"Let's put it this way – about 8-10% said that they would come,” Kim said.
“It remains to be seen what they will say. So out of 2,000 people, 160 will turn up and the ‘referendum’ will happen, but it won't look good.”
Kim added that the situation in the town today remains satisfactory.
According to him, about 12,000 people lived in Snihurivka before the full-scale war, and about 2,000 residents remain.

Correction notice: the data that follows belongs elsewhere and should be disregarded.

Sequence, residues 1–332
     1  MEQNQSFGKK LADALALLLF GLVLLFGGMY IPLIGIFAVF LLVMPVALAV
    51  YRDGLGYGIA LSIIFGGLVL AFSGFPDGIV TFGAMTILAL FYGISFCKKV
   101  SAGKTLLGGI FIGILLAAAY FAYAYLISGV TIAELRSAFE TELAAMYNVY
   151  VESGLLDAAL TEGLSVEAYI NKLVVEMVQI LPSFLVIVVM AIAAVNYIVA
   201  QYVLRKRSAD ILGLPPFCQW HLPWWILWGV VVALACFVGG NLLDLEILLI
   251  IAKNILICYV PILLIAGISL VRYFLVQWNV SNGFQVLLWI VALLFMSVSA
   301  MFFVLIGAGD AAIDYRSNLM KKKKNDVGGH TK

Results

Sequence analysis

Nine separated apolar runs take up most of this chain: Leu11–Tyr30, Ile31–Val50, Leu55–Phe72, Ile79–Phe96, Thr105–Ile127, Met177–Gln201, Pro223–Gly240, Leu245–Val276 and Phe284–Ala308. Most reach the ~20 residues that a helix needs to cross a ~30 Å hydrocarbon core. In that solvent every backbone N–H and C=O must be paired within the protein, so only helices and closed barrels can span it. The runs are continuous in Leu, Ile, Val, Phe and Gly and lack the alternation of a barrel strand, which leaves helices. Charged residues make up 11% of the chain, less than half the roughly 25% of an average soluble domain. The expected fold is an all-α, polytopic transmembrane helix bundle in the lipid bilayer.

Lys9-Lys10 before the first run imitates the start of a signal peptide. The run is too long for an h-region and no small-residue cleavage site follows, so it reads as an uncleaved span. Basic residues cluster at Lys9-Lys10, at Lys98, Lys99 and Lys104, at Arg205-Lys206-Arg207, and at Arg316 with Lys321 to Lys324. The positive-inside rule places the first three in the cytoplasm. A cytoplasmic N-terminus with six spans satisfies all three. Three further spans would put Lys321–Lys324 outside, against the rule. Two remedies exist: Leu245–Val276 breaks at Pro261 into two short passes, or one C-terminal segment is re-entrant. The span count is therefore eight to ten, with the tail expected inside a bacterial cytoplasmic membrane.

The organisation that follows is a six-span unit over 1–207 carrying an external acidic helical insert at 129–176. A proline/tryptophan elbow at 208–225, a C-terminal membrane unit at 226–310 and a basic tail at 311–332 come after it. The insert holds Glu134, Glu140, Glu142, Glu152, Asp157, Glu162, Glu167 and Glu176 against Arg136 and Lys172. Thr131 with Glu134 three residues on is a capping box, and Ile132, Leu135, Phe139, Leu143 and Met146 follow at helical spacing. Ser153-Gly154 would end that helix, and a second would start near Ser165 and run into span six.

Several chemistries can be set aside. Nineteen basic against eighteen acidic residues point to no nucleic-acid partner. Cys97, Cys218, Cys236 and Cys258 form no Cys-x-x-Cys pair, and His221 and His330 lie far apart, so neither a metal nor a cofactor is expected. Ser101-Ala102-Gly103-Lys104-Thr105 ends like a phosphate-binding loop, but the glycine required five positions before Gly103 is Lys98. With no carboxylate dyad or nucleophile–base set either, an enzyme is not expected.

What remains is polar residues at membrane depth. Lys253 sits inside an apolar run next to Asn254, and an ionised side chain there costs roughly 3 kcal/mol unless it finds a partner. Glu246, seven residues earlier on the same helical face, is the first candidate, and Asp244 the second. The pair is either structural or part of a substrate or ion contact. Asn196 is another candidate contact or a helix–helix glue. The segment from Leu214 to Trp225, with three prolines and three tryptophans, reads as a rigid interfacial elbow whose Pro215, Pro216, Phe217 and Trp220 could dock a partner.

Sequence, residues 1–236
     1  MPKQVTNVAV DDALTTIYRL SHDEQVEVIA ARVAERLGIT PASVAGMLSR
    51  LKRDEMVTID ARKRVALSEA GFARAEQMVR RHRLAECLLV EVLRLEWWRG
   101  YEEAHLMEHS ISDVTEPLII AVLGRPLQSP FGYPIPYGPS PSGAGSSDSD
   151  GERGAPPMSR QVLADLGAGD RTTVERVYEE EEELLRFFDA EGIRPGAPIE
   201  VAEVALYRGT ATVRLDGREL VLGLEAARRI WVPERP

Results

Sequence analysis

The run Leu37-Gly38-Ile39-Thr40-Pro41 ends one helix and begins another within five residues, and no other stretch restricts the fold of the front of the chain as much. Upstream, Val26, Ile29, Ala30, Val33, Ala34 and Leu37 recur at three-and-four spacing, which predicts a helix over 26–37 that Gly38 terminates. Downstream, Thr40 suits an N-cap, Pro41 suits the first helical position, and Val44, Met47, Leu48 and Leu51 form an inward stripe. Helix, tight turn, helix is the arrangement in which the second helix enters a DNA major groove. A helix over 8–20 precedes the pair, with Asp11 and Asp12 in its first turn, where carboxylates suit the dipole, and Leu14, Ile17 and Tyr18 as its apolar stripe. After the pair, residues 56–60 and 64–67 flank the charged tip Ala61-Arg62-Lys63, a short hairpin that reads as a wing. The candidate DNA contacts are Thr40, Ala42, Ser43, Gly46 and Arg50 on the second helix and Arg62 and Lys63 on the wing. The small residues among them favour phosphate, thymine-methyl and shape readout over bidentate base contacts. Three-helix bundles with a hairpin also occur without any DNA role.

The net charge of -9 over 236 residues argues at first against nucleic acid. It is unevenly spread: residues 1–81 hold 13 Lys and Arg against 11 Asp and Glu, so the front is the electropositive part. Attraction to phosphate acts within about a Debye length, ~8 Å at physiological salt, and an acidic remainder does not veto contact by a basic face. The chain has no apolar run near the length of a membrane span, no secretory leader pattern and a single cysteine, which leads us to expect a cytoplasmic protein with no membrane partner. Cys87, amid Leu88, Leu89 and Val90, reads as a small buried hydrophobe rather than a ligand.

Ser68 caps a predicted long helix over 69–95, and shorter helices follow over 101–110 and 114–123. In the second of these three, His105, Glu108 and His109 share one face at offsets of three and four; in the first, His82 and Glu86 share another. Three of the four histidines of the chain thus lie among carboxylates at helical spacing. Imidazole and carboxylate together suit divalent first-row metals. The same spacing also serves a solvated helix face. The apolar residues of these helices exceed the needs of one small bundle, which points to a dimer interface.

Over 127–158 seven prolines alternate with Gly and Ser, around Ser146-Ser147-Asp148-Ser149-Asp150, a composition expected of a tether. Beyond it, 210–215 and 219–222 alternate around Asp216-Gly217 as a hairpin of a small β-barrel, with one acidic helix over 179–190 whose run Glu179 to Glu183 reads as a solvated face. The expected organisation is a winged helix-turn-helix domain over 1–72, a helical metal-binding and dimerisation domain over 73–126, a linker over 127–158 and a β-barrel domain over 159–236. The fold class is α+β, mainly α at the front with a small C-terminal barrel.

In April, the Defense Intelligence reported that a "referendum" was being prepared in Snihurivka to vote for a “mayor” and administrative accessionto Russian-occupied Crimea.
Read the original article on The New Voice of Ukraine